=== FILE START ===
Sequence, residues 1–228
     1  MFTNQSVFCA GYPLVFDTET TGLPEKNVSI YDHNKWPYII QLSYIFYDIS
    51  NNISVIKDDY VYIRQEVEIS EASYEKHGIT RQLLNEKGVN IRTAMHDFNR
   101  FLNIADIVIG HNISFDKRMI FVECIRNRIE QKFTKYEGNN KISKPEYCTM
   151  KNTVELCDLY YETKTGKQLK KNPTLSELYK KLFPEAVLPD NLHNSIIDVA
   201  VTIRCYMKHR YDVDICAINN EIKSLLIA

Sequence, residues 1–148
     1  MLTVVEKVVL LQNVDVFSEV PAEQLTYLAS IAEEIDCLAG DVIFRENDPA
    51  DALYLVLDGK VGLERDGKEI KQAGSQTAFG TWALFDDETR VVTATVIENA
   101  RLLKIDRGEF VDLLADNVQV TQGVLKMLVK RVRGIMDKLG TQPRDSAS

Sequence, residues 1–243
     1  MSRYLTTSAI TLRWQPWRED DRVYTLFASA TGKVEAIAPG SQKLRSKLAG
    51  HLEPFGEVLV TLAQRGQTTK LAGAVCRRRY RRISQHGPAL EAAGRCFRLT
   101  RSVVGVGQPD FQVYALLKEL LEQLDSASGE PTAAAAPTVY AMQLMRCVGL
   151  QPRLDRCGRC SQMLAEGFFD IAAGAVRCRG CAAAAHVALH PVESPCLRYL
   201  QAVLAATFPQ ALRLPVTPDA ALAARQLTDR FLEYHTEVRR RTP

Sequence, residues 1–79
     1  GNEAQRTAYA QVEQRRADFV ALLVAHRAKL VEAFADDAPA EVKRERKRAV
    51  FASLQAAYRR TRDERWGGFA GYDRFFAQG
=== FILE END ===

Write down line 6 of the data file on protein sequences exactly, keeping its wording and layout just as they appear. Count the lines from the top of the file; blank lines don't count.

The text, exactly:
   201  VTIRCYMKHR YDVDICAINN EIKSLLIA